mostraligabue
» » The Merry Wives of Windsor

ePub The Merry Wives of Windsor download

by William Shakespeare

ePub The Merry Wives of Windsor download
Author:
William Shakespeare
ISBN13:
978-0694514526
ISBN:
0694514527
Language:
Publisher:
Caedmon (March 7, 1995)
Category:
Subcategory:
Dramas & Plays
ePub file:
1100 kb
Fb2 file:
1932 kb
Other formats:
lrf txt docx mbr
Rating:
4.4
Votes:
714

Book of Riddles! why, did you not lend it to Alice Shortcake upon All-hallowmas last, a fortnight afore Michaelmas? .

Book of Riddles! why, did you not lend it to Alice Shortcake upon All-hallowmas last, a fortnight afore Michaelmas? SHALLOW. You shall have An fool's-head of your own. No, I know Anne's mind for that: never a woman in Windsor knows more of Anne's mind than I do; nor can do more than I do with her, I thank heaven. Who's within there? ho!

The Merry Wives of Windsor is a comedy by William Shakespeare first published in 1602, though believed to have been written in or before 1597

The Merry Wives of Windsor is a comedy by William Shakespeare first published in 1602, though believed to have been written in or before 1597. The Windsor of the play's title is a reference to the town of Windsor, also the location of Windsor Castle, in Berkshire, England. Though nominally set in the reign of Henry IV, the play makes no pretence to exist outside contemporary Elizabethan era English middle class life.

The version of The Merry Wives of Windsor and the corresponding footnotes. in 2007 by Modern Library, an imprint of The Random House.

Gentlemen of Windsor FORD PAGE WILLIAM PAGE, a boy, son to Page SIR HUGH EVANS, a Welsh parson DOCTOR CAIUS, a French physician . SCENE: Windsor, and the neighbourhood. The Merry Wives of Windsor. ACT I. SCENE 1. Windsor.

Gentlemen of Windsor FORD PAGE WILLIAM PAGE, a boy, son to Page SIR HUGH EVANS, a Welsh parson DOCTOR CAIUS, a French physician HOST of the Garter Inn. Followers of Falstaff BARDOLPH PISTOL NYM ROBIN, page to Falstaff SIMPLE, servant to Slender RUGBY, servant to Doctor Caius. Enter JUSTICE SHALLOW, SLENDER, and SIR HUGH EVANS.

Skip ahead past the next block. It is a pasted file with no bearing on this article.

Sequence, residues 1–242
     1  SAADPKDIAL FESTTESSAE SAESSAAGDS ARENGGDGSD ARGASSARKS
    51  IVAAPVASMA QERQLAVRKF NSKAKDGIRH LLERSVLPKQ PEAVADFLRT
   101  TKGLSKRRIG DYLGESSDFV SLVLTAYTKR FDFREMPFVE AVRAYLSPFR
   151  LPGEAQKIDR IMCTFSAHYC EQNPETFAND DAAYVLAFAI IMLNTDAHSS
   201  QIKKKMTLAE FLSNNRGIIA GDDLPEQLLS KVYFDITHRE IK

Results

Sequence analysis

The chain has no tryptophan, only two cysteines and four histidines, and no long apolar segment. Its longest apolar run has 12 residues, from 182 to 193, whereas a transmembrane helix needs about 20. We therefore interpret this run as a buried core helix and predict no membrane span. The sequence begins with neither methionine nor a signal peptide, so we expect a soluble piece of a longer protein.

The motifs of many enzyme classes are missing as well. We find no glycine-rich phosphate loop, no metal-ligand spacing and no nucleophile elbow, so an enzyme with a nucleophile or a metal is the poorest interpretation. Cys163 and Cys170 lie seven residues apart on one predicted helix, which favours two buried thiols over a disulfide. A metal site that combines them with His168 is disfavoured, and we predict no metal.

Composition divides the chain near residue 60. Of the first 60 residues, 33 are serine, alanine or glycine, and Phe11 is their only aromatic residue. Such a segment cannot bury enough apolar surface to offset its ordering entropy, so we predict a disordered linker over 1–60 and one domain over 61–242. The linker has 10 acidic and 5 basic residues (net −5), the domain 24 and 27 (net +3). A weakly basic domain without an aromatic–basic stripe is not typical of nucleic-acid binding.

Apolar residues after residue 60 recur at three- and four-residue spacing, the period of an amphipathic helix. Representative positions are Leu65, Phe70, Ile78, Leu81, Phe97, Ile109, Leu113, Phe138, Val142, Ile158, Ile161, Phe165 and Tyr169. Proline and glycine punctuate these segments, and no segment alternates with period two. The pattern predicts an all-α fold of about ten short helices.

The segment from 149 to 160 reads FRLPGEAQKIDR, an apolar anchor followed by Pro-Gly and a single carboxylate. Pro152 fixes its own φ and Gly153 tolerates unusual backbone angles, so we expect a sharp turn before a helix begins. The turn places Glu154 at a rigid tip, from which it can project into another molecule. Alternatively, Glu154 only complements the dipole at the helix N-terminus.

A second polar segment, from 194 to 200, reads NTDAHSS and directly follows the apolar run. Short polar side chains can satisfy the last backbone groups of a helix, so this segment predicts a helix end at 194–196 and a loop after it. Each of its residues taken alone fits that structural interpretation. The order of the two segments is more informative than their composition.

ГлавнаяЕвропейская старинная литератураУильям ШекспирThe Merry Wives of Windsor. Beautiful Stories from Shakespeare. King Henry VI, First Part. Уменьшить шрифт (-) Увеличить шрифт (+). Уильям Шекспир The Merry Wives of Windsor. Wife, bid these gentlemen welcome: come, we haue a hot Venison pasty to dinner; Come gentlemen, I hope we shall drinke downe all vnkindnesse.

c) 2003-2012 LiteraturePage. com and Michael Moncur.

William Shakespeare, 1564 - 1616 Although there are many myths and mysteries surrounding William Shakespeare, a great deal is actually known about his life. He was born in Stratford-Upon-Avon, son of John Shakespeare, a prosperous merchant and local politician and Mary Arden, who had the wealth to send their oldest son to Stratford Grammar School. At 18, Shakespeare married Anne Hathaway, the 27-year-old daughter of a local farmer, and they had their first daughter six months later.

THE MERRY WIVES OF WINDSOR DRAMATIS PERSONAE SIR JOHN FALSTAFF FENTON, a young gentleman SHALLOW, a country justice SLENDER, cousin to Shallow Gentlemen of Windsor: FORD, PAGE WILLIAM PAGE, a boy, son to Page SIR HUGH EVANS, a Welsh parson DOCTOR CAIUS, a French physician HOST of the Garter Inn Followers of Falstaff: BARDOLPH, PISTOL, NYM ROBIN, page to Falstaff SIMPLE, servant to. Slender RUGBY, servant to Doctor Caius MISTRESS FORD MISTRESS PAGE MISTRESS ANNE PAGE, her daughter MISTRESS QUICKLY, servant to Doctor Caius SERVANTS to Page, Ford, etc.

William Shakespeare, Merry Wives of Windsor, Act II, Scene .

There were a few good lines and obviously any book with Sir. John Falstaff deserves an extra star (so ⋆⋆ + Falstaff ⋆⋆⋆). As a whole I didn't like it. It felt cheap and a bit of a throw-away for a mature William Shakespeare, but I'm sure it played well for the dirty and unwashed.

Most critics consider Merry Wives to be one of Shakespeare's weakest plays, and the Falstaff of. .

Most critics consider Merry Wives to be one of Shakespeare's weakest plays, and the Falstaff of Merry Wives to be much inferior to the Falstaff of the two Henry IV plays. That Shakespeare would so stumble with one of his greatest creations is puzzling and a satisfactory reason for this remains to be found. The most obvious explanation is that it was written very quickly.

It is said that Queen Elizabeth I was so eager to see The Merry Wives of Windsor acted that she gave Shakespeare 14 days to finish it. Here the greatly popular, lovable rogue Sir John Falstaff is brought back from his death in Henry V.

A Shakespeare Recording Society Production.

The complete play in five acts.